Yoga Boosts Memory and Brain Function Study Shows

yoga and meditation promotes yoga for healthy aging

Concerned about keeping your full memory capacity and cognitive functioning as you get older?

Well, if you are a yoga practitioner, there is good news. A 2020 meta-analysis shows that for people without cognitive impairment, regular yoga practice can offer significant benefits on both memory and cognitive function.

As the number of yoga studies proliferates, a growing number of meta-analyses are able to chart the effects of yoga on one factor across not just one, but multiple studies.

The 2020 meta-analysis included 12 studies with a total of 912 participants, 73.9% female. Eleven of the studies were randomized controlled trials, which is the highest standard for reliable research evidence. Of the subjects, about one third had some degree of cognitive impairment, while two thirds did not.

When results were compiled across all 12 studies, they showed significant beneficial effects on a number of cognitive factors, including improved memory, better executive function, and enhanced attention and processing speed.

Which type of yoga was used? The studies involved had a wide variety of yoga practices, but they had one thing in common: a meditative focus while doing the postures.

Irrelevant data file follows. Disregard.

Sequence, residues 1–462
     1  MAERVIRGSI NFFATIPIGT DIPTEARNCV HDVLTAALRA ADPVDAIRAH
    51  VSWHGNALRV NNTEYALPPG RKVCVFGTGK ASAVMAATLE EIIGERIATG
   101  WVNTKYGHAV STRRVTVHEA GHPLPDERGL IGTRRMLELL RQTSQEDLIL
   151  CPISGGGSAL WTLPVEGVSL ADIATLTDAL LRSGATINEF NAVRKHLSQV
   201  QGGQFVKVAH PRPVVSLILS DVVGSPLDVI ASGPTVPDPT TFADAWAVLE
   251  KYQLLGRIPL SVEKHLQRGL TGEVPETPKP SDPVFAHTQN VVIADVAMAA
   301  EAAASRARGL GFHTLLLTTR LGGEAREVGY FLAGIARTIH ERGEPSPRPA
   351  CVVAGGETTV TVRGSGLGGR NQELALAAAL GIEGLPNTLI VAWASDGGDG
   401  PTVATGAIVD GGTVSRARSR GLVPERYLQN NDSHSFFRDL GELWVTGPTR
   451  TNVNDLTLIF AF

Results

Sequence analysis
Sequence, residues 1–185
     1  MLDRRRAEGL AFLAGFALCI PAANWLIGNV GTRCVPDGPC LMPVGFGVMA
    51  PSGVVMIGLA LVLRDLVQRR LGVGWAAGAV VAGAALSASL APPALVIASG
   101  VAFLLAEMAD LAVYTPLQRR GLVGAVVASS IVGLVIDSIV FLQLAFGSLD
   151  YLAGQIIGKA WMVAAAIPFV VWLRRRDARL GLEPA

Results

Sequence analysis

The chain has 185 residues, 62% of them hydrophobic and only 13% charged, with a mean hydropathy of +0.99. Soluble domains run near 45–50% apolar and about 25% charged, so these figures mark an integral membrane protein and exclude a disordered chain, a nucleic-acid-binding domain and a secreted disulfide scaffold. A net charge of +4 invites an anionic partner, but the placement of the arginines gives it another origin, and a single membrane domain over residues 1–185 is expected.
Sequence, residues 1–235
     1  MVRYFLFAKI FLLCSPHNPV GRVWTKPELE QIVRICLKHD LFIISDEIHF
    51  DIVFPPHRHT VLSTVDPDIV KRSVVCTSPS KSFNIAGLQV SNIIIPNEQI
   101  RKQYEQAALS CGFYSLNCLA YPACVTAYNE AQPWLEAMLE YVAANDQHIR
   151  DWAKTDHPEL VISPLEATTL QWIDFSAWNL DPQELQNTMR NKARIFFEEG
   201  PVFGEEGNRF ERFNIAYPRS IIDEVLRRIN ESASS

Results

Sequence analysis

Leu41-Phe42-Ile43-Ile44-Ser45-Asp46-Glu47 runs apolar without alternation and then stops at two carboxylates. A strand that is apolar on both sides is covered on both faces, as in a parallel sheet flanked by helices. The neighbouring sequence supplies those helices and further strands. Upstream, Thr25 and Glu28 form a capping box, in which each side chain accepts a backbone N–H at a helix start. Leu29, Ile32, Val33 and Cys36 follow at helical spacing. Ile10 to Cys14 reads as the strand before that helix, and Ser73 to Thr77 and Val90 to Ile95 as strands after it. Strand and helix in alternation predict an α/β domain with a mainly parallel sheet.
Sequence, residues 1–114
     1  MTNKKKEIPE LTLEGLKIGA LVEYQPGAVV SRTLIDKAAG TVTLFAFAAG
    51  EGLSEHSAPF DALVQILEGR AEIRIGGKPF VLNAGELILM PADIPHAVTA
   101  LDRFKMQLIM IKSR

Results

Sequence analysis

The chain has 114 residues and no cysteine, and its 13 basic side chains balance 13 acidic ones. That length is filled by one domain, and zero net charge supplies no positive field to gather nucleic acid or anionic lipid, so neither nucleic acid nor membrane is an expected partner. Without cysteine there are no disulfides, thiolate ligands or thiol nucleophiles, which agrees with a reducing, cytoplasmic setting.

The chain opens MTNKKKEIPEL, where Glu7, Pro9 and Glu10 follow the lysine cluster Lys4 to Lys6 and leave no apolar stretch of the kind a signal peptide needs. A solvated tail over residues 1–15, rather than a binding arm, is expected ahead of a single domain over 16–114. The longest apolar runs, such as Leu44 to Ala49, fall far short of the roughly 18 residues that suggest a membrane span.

This study adds to the evidence from previous studies on the benefits of yoga for cognitive and mental-emotional health.

A study published in the journal Mindfulness, for example, showed that both yoga and meditation can boost mood and increase cognitive performance.

Yoga and Meditation Study

Researchers at the University of Waterloo in Canada recruited a predominantly Caucasian, college-educated sample of adult women between the ages of 18 and 48 (mean 27.71 sd= 8.32) to participate in the study. To be included, women were required to have between 4 months and five years of hatha yoga experience.

Each participant completed a series of questionnaires about physical activity and their yoga and meditation experience. They were then asked to complete three 25-minute counterbalanced sessions of hatha yoga, meditation, and a control task of reading one or more “yoga culture” magazines. Yoga sessions included mindfulness meditation, followed by postures and concluding with savasana (corpse pose), and were taught by a certified yoga instructor. During each class, participants were repeatedly reminded to focus on breath and bodily sensations and balance effort with ease.

Guided meditation practice was taught in the supine position. During these meditation sessions women were asked to become non-judgmental observers of their experience, and were led through a present-focused awareness exercise where they were asked to pay attention to their thoughts and emotions with openness and acceptance. This was followed by a body scan during which they were asked to note feelings and bodily sensations.

Cognitive function was assessed using the Stroop interference task – a standardized measure of executive function and inhibitory control. Mood was evaluated using a short form of the adult version of the Profile of Mood States (POMS).

Research Says Yoga and Meditation Boost Mood and Cognitive Function

Yogi sitting on her home couch in Lotus Pose with hands on lap folded fingers closed eyes enjoy meditation and yoga exercise at home. Healthy habit, mindfulness lifestyle, anxiety relief concept